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Surprises in China’s ongoing biometric surveillance of its Uyghurs

Surprises in China’s ongoing biometric surveillance of its Uyghurs
 

Chinese surveillance system maker Dahua is responding to an industry trade publication that allegedly found evidence Dahua systems are at least marketed as products that can identify race, skin color and specific facial attributes.

IPVM’s latest in a long series of articles tracking how China’s authoritarian government is using biometric surveillance reportedly finds its products are sold as being able to find the facial attributes of people from the Xinjiang and Tibet regions.

The video analytic specifications for four Dahua cameras, according to IPVM, and marketing material on Dahua’s site are clear: The models are designed to detect skin color, race and the face attributes of people from the nation’s northwest.

Xinjiang Province is the home of most of the world’s Uyghurs, a Muslim and political minority in China that the government has gone to extreme measures to eradicate as a culture. Beijing is widely accused of mistreating and removing Uyghurs to heavily biometrically surveilled re-education camps in the mountains in Xinjiang. Those accusations have been an ongoing point of friction between China and major Western economies.

Never very tolerant of Uyghurs, Beijing took the opportunity to aggressively increase its actions against them after 9/11 made Muslims around the world a more acceptable target for abuse. China’s leadership maintains that Uyghurs are a source of terrorism within its borders.

For the first time in this chapter of China’s marriage of politics and technology, Dahua did not, as it has in the past, deny its software has anything to do with rounding up undesirables. IPVM says the company has “admitted the authenticity” of the marketing language.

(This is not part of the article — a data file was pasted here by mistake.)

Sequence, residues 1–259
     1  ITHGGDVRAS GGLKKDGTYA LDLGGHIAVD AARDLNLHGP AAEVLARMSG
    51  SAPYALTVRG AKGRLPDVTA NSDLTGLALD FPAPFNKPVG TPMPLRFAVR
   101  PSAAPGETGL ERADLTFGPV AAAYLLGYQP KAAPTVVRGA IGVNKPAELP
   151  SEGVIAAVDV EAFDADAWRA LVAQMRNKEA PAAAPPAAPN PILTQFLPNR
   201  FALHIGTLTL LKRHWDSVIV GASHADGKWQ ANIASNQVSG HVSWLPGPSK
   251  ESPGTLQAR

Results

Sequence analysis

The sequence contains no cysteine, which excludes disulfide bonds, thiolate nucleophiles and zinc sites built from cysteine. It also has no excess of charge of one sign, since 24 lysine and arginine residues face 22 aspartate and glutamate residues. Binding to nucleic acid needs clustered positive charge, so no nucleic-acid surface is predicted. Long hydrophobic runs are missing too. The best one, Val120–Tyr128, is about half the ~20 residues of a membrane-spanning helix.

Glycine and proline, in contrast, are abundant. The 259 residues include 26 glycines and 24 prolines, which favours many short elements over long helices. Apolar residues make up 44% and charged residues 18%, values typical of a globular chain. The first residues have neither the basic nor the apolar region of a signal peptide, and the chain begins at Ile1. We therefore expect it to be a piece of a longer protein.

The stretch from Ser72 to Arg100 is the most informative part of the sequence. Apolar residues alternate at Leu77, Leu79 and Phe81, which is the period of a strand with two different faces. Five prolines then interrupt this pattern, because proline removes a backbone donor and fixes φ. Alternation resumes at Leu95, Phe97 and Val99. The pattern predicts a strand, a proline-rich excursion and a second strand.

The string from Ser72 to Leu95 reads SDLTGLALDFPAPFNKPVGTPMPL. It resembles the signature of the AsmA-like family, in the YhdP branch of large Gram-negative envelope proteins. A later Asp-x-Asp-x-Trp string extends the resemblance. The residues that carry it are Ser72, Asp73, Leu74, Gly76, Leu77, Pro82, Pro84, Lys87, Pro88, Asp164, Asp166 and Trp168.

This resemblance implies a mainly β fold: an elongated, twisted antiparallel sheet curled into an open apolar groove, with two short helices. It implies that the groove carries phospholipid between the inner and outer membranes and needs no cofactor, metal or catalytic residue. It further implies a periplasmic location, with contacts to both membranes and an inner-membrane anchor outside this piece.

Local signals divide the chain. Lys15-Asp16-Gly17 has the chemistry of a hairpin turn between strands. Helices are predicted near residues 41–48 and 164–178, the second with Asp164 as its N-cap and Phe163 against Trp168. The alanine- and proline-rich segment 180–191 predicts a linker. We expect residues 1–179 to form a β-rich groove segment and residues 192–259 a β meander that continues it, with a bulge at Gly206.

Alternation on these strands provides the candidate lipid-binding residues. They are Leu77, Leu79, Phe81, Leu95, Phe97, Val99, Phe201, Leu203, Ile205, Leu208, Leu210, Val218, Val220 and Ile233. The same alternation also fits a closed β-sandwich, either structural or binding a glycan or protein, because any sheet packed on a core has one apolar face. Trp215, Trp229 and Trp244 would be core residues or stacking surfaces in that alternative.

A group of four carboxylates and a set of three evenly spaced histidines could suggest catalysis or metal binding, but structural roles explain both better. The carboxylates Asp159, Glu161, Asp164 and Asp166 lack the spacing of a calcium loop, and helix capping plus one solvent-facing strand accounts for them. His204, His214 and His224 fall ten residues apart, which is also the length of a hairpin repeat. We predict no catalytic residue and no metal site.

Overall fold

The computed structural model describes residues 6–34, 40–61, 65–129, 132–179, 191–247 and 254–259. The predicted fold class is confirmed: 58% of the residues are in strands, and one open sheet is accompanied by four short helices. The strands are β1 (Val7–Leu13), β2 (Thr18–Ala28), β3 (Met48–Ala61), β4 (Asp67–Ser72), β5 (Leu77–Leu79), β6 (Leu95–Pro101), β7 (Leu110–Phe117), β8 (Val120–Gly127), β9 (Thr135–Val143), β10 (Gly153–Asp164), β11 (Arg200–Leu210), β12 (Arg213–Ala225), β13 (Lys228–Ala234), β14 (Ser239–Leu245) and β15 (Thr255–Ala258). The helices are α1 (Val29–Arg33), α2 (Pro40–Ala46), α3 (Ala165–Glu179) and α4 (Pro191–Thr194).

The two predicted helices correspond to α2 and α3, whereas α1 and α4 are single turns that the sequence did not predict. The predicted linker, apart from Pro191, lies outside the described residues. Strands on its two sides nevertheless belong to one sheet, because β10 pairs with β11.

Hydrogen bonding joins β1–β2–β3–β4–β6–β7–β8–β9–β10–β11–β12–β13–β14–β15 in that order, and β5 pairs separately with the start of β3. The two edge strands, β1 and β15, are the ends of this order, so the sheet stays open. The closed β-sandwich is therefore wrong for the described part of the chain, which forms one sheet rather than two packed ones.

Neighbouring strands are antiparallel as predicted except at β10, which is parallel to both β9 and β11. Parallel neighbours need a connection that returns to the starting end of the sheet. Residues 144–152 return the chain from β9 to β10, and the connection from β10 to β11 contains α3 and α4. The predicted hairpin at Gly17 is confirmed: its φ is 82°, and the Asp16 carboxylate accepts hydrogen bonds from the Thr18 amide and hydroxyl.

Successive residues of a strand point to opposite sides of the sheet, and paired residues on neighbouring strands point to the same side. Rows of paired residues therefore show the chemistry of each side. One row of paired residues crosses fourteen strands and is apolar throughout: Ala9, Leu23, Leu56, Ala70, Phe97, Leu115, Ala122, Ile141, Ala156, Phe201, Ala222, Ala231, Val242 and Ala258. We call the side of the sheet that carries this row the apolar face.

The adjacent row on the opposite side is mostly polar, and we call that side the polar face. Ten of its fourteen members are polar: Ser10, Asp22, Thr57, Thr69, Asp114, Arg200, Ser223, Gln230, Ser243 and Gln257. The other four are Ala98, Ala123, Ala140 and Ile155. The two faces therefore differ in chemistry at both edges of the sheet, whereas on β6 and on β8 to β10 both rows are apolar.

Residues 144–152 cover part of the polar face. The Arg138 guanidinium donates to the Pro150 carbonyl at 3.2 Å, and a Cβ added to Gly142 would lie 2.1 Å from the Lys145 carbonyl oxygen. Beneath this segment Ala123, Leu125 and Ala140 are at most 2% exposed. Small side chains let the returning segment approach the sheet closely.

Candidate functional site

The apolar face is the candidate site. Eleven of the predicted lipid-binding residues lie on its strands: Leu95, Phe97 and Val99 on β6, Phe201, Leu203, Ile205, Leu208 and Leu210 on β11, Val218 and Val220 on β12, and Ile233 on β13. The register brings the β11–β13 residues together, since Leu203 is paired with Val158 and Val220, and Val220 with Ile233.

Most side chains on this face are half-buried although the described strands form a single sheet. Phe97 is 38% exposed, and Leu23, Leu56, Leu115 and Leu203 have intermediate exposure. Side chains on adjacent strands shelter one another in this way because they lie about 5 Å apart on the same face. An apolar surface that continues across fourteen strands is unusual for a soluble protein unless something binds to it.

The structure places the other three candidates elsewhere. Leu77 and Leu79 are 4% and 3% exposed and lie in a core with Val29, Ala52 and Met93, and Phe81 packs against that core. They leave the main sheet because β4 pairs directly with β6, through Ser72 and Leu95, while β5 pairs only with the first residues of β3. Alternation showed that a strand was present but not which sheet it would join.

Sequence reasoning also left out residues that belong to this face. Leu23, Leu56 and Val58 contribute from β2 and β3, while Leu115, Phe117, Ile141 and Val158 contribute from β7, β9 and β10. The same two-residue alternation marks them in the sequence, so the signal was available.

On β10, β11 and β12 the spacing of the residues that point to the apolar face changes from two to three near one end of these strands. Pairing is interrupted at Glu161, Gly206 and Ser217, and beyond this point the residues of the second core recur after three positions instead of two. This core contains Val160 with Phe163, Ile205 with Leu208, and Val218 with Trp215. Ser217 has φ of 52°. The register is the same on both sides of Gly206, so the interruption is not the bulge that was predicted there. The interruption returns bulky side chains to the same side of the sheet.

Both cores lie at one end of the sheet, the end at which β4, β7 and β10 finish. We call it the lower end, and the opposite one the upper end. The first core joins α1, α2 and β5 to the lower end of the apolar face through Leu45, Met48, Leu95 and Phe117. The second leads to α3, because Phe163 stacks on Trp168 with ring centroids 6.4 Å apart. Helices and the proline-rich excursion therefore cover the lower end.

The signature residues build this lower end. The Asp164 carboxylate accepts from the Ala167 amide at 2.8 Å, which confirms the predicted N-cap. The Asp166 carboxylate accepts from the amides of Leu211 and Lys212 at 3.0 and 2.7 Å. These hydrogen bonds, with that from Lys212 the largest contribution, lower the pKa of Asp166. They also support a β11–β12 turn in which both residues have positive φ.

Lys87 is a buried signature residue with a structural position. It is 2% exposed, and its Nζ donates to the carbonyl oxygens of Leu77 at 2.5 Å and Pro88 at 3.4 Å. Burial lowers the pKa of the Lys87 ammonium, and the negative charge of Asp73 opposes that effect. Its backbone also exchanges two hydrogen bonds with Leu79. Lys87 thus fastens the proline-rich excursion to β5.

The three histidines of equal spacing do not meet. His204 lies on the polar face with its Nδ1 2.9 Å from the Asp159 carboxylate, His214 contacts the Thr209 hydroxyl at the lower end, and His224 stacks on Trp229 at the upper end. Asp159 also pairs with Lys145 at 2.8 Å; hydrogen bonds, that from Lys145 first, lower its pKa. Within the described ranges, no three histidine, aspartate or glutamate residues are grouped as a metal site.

The company has reported that Dahua said it is “deeply troubled and concerned” about the situation. “We appreciate IPVM for point out this error” in documentation, it says. It has, however continued to defend itself against allegations that its products are at the core of a policy of mass repression.

Several Western nations, including the United States, Canada and the United Kingdom have taken steps to pressure China and its domestic biometric surveillance industry to not persecute Uyghurs.

A 2021 joint investigation done by IPVM, and The Los Angeles Times alleged that Dahua documents for Chinese police surveillance systems boasted “real-time Uyghur warnings.”

Dahua is far from alone in this clash. Hikvision, another Chinese maker of video and biometric surveillance systems has been sanctioned by the United States. Same with SenseTime.

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